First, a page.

Australian Shepherds were bred to be herding dogs that can withstand cold climates. They sport dense and thick double coats that provide them warmth … [Read More...]
The German longhaired pointer originated in Germany as a highly prized gundog. Gentle, friendly, loyal, and intelligent, the German long-haired pointer is an excellent companion and family dog.
The German long-haired pointer is highly attached to his family. Leaving him alone for long periods of time can lead to separation anxiety. To keep him entertained and happy, someone should look after him whilst others are away.
Like most gundogs, the German longhaired pointer is a high-energy dog that is suitable for families who lead active lives and enjoy the outdoors. The German longhaired pointer requires regular grooming as his long coat attracts dirt and debris.
The German long-haired pointer (GLP) is a cousin of the German wire-haired pointer (GWP) and the German short-haired pointer (GSP). All three dog breeds are native to Germany, as the names suggest, developed to hunt, point, and retrieve live games. These German dogs are widely known and highly prized as working dogs not only in Germany but also in the UK.
The German long-haired pointer was first introduced to Britain in the 1980s, but it was not recognised by the Kennel Club until 1997. This dog is the largest amongst the three German breeds and was first shown in Frankfurt, Germany, in 1878, after a breed standard was established. The GLP that we see today was developed over time to become a more elegant gun dog by introducing the English pointer and English setter to its bloodline during the nineteenth century.
The German long-haired pointer is an active, noble, graceful, muscular dog breed but not bulky or stocky. It sports a shiny, medium-length coat that adds to its aristocratic appearance and overall charm. The top of its head is dome-shaped with a slight stop. The GLP has strong jaws with a perfect scissor bite and a nice brown nose that often has slight spots on it. Its head has less hair compared to the rest of the body. Its large, oval-shaped, brown eyes show its intelligence. Ears must be set high on its head, dropping slightly forward and reaching as far as the corner of its mouth.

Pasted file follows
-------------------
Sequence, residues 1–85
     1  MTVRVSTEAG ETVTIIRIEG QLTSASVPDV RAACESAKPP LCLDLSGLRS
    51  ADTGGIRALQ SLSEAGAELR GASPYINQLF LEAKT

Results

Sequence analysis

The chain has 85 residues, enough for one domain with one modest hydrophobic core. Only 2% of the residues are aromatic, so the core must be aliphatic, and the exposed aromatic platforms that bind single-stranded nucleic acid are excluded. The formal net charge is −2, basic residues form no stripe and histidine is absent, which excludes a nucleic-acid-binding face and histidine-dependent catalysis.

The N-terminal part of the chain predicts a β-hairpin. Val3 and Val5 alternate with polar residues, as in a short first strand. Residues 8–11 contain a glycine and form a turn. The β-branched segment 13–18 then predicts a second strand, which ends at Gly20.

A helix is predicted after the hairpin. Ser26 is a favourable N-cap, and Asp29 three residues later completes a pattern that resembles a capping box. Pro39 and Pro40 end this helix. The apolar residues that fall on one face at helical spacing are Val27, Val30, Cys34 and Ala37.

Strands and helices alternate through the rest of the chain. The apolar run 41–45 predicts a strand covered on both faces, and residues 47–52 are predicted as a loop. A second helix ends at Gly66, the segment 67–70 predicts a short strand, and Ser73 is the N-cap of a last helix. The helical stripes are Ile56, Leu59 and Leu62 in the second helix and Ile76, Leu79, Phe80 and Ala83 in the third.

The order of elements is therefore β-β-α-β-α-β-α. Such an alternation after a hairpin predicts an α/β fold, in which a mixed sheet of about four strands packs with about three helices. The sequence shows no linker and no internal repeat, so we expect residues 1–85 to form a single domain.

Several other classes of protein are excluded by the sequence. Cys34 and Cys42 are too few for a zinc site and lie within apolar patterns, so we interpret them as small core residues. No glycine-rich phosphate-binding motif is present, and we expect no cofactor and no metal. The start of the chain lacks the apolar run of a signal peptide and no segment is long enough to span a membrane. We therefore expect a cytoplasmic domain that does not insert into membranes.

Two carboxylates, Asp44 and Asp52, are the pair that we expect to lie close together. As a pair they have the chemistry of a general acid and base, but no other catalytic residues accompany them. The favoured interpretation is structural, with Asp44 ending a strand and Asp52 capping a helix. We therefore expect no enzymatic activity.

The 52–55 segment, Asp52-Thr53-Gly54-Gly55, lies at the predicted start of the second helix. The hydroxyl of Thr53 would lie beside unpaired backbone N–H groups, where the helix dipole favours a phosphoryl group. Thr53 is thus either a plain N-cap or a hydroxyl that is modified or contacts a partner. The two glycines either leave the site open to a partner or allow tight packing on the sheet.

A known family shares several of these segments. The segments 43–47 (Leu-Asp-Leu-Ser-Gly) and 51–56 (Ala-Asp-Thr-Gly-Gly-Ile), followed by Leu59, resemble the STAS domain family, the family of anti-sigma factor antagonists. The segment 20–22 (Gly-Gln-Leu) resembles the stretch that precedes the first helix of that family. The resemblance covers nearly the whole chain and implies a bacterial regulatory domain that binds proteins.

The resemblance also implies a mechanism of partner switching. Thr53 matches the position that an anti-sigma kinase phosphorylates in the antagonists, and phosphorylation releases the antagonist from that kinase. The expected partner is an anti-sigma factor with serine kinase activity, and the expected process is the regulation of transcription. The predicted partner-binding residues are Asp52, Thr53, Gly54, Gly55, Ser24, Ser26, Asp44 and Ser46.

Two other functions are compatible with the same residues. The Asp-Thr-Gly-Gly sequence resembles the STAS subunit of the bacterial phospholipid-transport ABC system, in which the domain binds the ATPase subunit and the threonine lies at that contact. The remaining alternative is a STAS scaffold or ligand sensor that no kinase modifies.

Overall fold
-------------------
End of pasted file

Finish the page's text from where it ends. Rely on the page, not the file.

The German long-haired pointer has a robust body with a well-developed chest and levelled back that is moderately long. Its skin should lie close to the body, but should not wrinkle. Despite being categorised as a long-haired breed, its hair is not excessively long. In fact, accepted hair length must be within 3–5 cm, whilst its ears and the back of its legs sport a longer feathering. The GLP comes in a variety of colours including brown, roan, brown roan, dark chocolate, white, and chocolate.
Although the GLP has long hair, it is surprisingly low-maintenance on the grooming front. Weekly grooming to remove tangles and mats will do. It undergoes seasonal shedding, which means frequent brushing, daily if possible, is needed to keep hairs from falling and gathering on furniture or clothing. Bathing can be occasional or done at least twice a year. Trim its nails as needed or every couple of weeks. Always check for infection on its ears and clean them regularly. Oral health is also crucial to steer your German long-haired pointer from gum disease and potential infection.
Generally, the German long-haired pointer is outgoing, gentle, and intelligent, but if not properly socialised, it can become either shy or aggressive. This dog breed adores its family and forms a strong attachment with them, which can cause separation anxiety. The GLP is ideal for households where one member of the family stays at home to keep the dog company. Remember that being a gun dog, the German long-haired pointer is an active dog, which means it has high levels of energy and will require equal levels of exercise to expend its energy. This can be done by engaging the GLP in games such as fetch or activities such as long walks or running. Of course, this indicates that it is only suitable for families that share its love of outdoor activities. This type of dog is smart and excels in agility and obedience trials as it thrives on the attention it gets during training.